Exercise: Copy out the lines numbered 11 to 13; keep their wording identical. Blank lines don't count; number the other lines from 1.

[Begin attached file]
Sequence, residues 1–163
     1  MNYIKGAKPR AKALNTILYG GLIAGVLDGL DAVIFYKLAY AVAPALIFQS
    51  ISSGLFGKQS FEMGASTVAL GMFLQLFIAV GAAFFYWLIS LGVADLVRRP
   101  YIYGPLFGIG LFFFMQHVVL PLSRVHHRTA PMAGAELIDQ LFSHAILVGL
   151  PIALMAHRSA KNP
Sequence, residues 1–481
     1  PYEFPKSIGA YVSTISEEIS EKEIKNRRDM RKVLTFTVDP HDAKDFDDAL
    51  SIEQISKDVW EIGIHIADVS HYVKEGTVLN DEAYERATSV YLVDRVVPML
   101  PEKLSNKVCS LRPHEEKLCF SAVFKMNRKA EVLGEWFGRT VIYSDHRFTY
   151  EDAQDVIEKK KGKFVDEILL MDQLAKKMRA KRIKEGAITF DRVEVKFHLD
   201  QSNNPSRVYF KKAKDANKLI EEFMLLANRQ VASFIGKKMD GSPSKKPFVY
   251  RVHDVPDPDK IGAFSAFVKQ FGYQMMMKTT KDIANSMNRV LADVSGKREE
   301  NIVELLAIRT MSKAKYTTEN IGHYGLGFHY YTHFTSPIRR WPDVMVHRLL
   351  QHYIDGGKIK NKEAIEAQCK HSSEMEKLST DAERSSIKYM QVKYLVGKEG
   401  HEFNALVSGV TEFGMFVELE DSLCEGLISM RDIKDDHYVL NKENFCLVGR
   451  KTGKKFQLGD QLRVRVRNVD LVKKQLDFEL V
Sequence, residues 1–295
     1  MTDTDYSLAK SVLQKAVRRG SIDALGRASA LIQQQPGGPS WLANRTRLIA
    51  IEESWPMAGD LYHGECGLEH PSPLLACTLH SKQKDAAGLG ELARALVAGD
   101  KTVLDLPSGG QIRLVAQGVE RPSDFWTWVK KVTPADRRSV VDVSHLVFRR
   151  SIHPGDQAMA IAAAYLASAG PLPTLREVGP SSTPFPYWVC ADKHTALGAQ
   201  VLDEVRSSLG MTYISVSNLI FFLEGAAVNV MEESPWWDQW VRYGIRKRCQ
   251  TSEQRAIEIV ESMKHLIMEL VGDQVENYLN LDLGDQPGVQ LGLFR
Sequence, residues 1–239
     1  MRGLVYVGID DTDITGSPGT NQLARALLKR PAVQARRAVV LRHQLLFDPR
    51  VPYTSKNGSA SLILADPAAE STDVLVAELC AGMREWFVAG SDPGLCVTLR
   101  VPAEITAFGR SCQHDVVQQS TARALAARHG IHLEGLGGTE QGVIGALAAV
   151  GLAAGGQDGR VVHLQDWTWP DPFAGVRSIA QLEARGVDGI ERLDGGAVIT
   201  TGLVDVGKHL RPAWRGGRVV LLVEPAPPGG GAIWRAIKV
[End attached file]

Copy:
   201  QSNNPSRVYF KKAKDANKLI EEFMLLANRQ VASFIGKKMD GSPSKKPFVY
   251  RVHDVPDPDK IGAFSAFVKQ FGYQMMMKTT KDIANSMNRV LADVSGKREE
   301  NIVELLAIRT MSKAKYTTEN IGHYGLGFHY YTHFTSPIRR WPDVMVHRLL